The Dr. David Kelly Affair: New Evidence Refutes “Suicide”

Dr David Kelly inquest campaigners hand in new dossier


Campaigners for a full inquest into the death of government weapons inspector David Kelly have handed a new dossier to the Attorney General Dominic Grieve.

The files contain fresh information about the absence of fingerprints on items found near his body in woods close to his Oxfordshire home in 2003.

The Hutton inquiry found in 2004 that he had killed himself.

Mr Grieve is expected to announce soon whether he will comply with a request to ask the High Court for an inquest.

The post-mortem report into Dr Kelly’s death suggested he had died as a result of a “self-inflicted injury”.

It blamed blood loss after cuts to his left wrist, aided by a painkiller overdose and “silent” heart disease.

Dr Kelly was found dead after it was revealed he had provided the information for a BBC News story casting doubt on the government’s claim that Iraq had weapons of mass destruction capable of being fired within 45 minutes.

The claim over a lack of fingerprints comes in a new dossier by a group of doctors who are petitioning Mr Grieve for the reopening of inquiries into the death.

The doctors said they showed that no fingerprints were recovered from the knife which Dr Kelly allegedly used to slit his wrist and a pack of pills which he apparently took, or from a mobile phone, watch and water bottle found near his body.

It also highlights that the lack of fingerprint evidence was not considered by the Hutton inquiry, the campaigners added.

Witnesses’ accounts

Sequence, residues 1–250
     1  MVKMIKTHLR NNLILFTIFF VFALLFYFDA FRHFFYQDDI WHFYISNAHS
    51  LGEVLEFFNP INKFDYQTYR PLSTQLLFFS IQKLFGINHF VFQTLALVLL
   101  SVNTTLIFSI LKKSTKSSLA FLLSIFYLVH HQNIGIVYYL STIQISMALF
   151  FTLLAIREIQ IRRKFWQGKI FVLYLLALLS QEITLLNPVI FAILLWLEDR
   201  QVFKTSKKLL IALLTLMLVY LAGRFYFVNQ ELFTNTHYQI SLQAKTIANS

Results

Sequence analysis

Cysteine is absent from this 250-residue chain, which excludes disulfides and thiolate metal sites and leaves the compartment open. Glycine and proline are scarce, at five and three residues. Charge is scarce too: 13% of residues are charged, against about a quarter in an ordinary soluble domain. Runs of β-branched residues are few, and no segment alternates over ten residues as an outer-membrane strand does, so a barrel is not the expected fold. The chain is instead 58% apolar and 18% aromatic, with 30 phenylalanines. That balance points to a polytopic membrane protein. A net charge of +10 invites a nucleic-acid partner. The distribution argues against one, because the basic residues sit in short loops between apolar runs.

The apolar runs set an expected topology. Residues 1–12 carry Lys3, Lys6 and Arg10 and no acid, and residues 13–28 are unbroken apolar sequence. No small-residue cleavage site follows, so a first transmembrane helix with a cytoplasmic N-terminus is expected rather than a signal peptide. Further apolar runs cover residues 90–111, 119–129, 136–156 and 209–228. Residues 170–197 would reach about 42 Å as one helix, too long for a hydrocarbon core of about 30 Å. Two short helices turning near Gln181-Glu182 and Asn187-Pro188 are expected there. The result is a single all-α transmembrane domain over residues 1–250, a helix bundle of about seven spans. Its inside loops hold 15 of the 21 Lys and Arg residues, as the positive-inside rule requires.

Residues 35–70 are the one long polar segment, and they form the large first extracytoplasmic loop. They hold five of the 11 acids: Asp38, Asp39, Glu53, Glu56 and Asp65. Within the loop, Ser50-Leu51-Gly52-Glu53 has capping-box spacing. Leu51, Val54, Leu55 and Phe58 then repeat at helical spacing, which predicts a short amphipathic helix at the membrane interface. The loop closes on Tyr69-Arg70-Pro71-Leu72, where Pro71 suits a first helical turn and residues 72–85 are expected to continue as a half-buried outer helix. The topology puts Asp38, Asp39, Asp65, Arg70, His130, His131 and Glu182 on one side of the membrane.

“It is submitted that to properly investigate the circumstances of Dr Kelly’s death, any coroner would be obliged to make enquiries as to why there were no fingerprints found, including for example seeking evidence on whether any tests were carried out to establish if anything had been used to attempt to erase fingerprint evidence,” said the doctors in their new submission.

“This is particularly relevant as it was noted no gloves were found on the body or in its vicinity.”

An inquest was opened days after Dr Kelly’s body was found, but unusually it was never completed, as then Lord Chancellor Lord Falconer said the Hutton inquiry would take over.

The new dossier supplements the doctors’ formal legal petition, submitted in September, and also raises questions about various witnesses’ accounts of the state of Dr Kelly’s body.

Read doctors’ arguments

PDF download New documents handed to the Attorney General

Articles by: Global Research

Disclaimer: The contents of this article are of sole responsibility of the author(s). The Centre for Research on Globalization will not be responsible for any inaccurate or incorrect statement in this article. The Centre of Research on Globalization grants permission to cross-post Global Research articles on community internet sites as long the source and copyright are acknowledged together with a hyperlink to the original Global Research article. For publication of Global Research articles in print or other forms including commercial internet sites, contact: [email protected] contains copyrighted material the use of which has not always been specifically authorized by the copyright owner. We are making such material available to our readers under the provisions of "fair use" in an effort to advance a better understanding of political, economic and social issues. The material on this site is distributed without profit to those who have expressed a prior interest in receiving it for research and educational purposes. If you wish to use copyrighted material for purposes other than "fair use" you must request permission from the copyright owner.

For media inquiries: [email protected]